dd command not filling device

I have a surplus 120GB SSD that I want to completely clear of data. With the drive unmounted, I ran

sudo dd if=/dev/urandom of=/dev/sda bs=4M

but it stopped after copying 8GB, reporting “dd: error writing ‘/dev/sda’: No space left on device”.

lsblk showed the correct device name, and a capacity of 112GB.

I tried several variations of the dd command, with different values for bs; with and without status=progress; and even after mounting the device. Every attempt stopped after writing the exact same amount of data (7996309504 bytes).

Why did dd claim a 120GB drive was full, after writing only 8GB?

I even reformatted with gnome-disks, but dd behaved just the same.

In desperation, I mounted the partition and tried:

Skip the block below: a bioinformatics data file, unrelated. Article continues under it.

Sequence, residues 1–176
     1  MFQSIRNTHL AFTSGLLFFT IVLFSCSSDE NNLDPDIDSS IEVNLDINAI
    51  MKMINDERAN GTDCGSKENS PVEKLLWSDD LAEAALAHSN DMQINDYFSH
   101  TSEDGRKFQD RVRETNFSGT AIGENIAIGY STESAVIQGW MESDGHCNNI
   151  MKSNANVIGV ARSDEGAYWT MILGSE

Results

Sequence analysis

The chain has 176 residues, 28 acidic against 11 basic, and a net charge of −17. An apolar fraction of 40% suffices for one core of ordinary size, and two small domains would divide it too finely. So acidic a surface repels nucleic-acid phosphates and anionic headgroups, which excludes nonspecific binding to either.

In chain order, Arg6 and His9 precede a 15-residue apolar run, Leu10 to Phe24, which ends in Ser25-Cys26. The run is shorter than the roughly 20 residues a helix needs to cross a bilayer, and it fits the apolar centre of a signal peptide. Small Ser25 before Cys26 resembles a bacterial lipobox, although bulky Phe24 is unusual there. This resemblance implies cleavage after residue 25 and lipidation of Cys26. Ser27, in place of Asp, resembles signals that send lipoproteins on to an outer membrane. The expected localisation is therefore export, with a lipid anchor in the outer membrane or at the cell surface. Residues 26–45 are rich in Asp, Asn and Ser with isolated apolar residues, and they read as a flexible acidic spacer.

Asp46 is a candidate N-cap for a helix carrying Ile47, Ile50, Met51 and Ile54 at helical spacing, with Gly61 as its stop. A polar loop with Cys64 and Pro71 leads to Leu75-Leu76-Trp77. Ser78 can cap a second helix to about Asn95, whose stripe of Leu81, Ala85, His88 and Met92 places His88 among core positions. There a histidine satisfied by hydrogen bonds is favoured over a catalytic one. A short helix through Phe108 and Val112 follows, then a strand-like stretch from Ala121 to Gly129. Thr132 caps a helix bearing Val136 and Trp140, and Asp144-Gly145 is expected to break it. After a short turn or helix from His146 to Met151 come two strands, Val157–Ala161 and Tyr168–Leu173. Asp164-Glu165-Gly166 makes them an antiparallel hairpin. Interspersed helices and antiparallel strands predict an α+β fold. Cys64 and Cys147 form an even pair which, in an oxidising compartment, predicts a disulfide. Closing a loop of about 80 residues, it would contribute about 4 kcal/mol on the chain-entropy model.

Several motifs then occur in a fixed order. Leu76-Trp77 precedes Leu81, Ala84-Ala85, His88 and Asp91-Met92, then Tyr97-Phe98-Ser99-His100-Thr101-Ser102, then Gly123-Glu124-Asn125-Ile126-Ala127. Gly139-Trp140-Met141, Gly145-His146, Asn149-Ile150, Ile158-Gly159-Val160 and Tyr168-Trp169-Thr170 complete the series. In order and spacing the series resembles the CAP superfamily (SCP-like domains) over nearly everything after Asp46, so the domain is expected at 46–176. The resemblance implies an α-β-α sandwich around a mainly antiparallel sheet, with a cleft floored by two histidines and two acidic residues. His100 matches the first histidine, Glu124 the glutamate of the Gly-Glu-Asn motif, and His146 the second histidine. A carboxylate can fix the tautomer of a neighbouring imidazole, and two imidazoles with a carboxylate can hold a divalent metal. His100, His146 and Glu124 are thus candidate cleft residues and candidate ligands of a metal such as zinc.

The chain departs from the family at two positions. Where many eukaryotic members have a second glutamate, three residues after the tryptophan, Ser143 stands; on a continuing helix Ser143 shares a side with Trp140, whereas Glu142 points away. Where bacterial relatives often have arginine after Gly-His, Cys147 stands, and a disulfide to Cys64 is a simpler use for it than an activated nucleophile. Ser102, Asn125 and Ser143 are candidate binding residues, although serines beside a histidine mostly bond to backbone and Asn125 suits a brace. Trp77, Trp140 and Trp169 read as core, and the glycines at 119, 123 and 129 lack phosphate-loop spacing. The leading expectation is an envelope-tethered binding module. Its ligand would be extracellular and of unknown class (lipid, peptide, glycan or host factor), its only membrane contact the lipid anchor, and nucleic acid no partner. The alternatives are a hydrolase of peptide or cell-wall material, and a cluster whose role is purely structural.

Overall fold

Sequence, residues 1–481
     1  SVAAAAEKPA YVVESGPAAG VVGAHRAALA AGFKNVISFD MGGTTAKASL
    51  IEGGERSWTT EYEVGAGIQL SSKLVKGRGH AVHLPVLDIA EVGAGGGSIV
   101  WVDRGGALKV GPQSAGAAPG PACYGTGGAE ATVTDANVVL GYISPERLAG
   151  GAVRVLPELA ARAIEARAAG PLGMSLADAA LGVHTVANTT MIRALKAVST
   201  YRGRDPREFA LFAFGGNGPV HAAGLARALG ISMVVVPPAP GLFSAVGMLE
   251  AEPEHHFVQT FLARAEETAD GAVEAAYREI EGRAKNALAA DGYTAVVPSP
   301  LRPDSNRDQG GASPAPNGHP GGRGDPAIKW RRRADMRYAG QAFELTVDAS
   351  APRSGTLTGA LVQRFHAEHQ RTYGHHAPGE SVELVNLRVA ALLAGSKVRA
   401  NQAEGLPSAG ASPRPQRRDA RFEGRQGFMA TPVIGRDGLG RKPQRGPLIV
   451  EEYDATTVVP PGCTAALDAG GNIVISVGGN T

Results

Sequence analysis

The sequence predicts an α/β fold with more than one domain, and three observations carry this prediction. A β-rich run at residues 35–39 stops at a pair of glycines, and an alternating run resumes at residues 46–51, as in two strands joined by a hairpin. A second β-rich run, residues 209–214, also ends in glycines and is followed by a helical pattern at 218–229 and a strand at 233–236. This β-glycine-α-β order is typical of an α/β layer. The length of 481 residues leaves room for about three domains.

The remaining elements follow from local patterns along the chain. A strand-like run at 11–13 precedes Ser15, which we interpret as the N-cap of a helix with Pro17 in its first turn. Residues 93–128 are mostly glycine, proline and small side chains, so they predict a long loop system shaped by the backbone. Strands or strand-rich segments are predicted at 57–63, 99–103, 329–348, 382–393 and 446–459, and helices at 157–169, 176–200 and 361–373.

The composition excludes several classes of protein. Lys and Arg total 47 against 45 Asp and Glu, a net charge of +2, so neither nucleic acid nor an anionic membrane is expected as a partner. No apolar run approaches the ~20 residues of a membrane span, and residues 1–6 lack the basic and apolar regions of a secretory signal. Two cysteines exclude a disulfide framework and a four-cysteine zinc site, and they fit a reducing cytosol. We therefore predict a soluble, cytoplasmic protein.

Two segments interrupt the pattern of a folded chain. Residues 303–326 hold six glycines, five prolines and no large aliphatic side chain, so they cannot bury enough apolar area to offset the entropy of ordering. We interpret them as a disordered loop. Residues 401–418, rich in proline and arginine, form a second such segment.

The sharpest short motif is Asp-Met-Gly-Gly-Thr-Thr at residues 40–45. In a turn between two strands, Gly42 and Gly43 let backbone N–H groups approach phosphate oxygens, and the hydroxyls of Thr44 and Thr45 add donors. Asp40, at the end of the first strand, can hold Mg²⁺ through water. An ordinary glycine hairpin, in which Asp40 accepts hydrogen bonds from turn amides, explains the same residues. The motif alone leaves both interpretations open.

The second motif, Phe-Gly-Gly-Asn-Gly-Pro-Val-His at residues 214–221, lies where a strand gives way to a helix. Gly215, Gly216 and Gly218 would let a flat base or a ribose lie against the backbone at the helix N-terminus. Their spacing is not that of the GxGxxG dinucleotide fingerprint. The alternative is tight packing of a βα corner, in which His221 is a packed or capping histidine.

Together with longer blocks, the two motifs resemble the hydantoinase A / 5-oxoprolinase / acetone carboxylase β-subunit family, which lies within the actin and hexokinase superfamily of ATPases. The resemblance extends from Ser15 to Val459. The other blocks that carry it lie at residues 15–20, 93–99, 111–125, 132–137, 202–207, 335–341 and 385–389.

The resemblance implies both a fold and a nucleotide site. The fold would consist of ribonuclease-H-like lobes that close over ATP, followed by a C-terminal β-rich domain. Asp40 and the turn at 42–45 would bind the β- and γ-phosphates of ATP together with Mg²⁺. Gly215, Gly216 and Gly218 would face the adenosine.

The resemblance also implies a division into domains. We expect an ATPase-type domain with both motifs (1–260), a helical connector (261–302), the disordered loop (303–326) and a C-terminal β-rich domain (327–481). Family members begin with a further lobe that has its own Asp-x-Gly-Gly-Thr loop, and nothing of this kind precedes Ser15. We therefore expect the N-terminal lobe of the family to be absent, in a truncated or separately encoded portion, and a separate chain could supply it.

sudo dd if=/dev/urandom of=/dev/sda1 bs=4M status=progress

which ran to completion, reporting:

120033123840 bytes (120 GB, 112 GiB) copied

It is usual to require device names with dd, so I was surprised when a partition worked. Can anyone explain what was going on?

Edit after some comments

Maybe @ljm is onto something. ls shows I have an ordinary file called ‘/dev/sda’, of size 8GB. file says it is a data file. Where it came from, I don’t know. Why its size is limited, I don’t know. Is it safe to remove it?

I also have a block special file /dev/sda1.

Asked By: Peter bill


When you unmount a disk, the disk has a tendency to disappear. So when you unmounted the device, the device file probably also disappeared. The remedy is normally to plug-out and plug-in.

When the device file /dev/sda was gone, dd assumed that you wanted to create a normal file /dev/sda. Even though it is under /dev, it is still a normal file, not a device. Your dd will continue until the partition is full, which might very well 8GB.

Answered By: Ljm Dullaart
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